Leslie Bakke sat cross-legged on the grass of the Mall yesterday afternoon and lifted her face to the sun. It was time out from a game of touch football with friends, time to sip lemonade from a tumbler, time to appreciate the moment.

"It is a super day," said Bakke, and she was not just talking about the Redskins being in the Super Bowl. The unseasonably warm temperatures, coming on the last day of January, were the warmest of the month and thus the warmest of 1988.

Indeed, by Washington weather standards the day was downright balmy, and forecasters say the warmth will continue through tomorrow. The high yesterday was 65 degrees, and although it did not match the 71-degree record set in 1916, an informal survey failed to turn up anyone who complained.

After all, the normal January temperature averages 35 degrees -- a point better made by remembering that last week at this time, the Washington area was battening down for snow and cold.

Even by southern California standards, Washington's day came out ahead. San Diego reported a high of 60.

"It is a day to be outside . . . . That's why we are here," said Randy Jackson of Alexandria as he pointed out one of the National Zoo's slumbering giant pandas to his daughter.

Jackson and the panda were not alone in enjoying the outside. The parking lots at the zoo were overflowing, and the U.S. Park Police said the warm temperatures drew larger-than-normal crowds this time of year to the Smithsonian Institution and the national monuments.

Wilhelmina Dallam and her daughter Meg Ims were some of those who thought it a good day to hit the museums. Dallam lives in Warrenton, and her daughter is visiting from Hawaii, so it was first to the National Geographic Society headquarters for its 100th anniversary exhibit and then a Metro ride to the Smithsonian.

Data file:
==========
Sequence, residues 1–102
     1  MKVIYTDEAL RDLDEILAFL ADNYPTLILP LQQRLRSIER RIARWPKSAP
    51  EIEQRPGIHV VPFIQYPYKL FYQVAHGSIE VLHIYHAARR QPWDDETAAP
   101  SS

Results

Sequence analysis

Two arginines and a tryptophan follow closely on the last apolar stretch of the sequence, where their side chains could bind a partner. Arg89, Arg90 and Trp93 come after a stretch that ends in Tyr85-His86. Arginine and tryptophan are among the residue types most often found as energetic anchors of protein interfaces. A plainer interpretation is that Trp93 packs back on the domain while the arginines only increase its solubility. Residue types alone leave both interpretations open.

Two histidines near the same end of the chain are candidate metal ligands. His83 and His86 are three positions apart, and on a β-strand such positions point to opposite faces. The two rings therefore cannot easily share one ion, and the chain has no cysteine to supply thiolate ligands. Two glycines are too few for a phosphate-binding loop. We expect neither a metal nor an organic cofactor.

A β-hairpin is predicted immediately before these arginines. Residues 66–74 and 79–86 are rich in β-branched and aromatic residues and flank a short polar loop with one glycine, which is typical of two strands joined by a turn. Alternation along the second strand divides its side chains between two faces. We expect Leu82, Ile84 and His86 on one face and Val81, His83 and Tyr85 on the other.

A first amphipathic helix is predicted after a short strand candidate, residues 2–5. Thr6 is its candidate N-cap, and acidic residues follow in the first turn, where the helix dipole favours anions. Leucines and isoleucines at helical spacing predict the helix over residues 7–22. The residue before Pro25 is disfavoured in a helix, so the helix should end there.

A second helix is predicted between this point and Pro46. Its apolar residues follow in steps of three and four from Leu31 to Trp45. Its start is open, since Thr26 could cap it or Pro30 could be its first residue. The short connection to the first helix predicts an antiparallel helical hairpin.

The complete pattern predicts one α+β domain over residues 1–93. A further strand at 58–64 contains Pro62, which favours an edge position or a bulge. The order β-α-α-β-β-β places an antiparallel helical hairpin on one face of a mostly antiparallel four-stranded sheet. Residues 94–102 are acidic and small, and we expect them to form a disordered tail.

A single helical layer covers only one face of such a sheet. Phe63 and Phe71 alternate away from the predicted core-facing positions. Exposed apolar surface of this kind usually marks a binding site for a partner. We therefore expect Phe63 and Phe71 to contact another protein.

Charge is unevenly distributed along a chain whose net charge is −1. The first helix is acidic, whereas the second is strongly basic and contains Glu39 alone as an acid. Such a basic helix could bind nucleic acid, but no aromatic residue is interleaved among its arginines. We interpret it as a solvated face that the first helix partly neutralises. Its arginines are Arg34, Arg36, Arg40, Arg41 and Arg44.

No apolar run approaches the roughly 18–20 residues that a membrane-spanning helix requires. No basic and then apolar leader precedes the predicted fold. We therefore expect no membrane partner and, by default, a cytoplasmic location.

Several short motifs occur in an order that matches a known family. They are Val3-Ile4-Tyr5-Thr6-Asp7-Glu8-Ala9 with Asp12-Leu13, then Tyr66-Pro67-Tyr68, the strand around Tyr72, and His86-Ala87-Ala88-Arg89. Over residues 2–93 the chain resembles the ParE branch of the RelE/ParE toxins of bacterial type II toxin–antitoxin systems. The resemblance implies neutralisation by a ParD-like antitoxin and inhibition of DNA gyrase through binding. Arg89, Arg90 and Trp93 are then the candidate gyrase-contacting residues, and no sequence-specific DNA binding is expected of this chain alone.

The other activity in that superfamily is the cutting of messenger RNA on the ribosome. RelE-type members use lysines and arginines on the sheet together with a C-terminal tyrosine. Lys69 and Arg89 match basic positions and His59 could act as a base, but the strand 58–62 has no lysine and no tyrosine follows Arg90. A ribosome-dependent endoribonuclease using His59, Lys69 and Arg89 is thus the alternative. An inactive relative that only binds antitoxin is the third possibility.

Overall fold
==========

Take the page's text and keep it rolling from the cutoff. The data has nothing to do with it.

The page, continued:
"It's a marvelous day," said Dallam, but the sweaters she and her daughter wore said more about the warmth. Shirt sleeves were the dress of the day, with jackets, sleeves knotted, tied around waists.

Winter habits went the way of winter garb. Tops on convertible cars came down. People lined up at vendor stands for ice cream and cold sodas. "I knew to put in the extra ice cream bars and not worry about a lot of hot chocolate," said one vendor outside the zoo's entrance on Connecticut Avenue NW. He reported brisker than normal business.

The opposite was the case for cabdriver Manuel N. Papakostas. The sunny skies meant that potential customers were willing to walk those three blocks to the Metro or wait for a bus or even complete the trip by foot.

"A lot of people may be out, but not many want to ride . . . . I came all the way from Southeast up here {to the zoo} and nothing," he said.

According to Scott Prosise, a forecaster with the National Weather Service, the warm weather is attributable to a flow of southwesterly winds from the Gulf Coast. Prosise said the unusually warm weather will continue for a couple of days, with high temperatures in the sixties forecast for today and tomorrow. Colder weather is forecast for the end of the week.

No one seemed to give that much thought yesterday. "The weather was so nice . . . it was a spur of the moment to come to the zoo," said Gary Goldman of Baltimore. Others, however, had given careful thought to their plans for the day.

"Gee, I figure if I ran my kids ragged at the zoo, they might conk out early enough so I could watch the game in peace," said one Arlington father of three.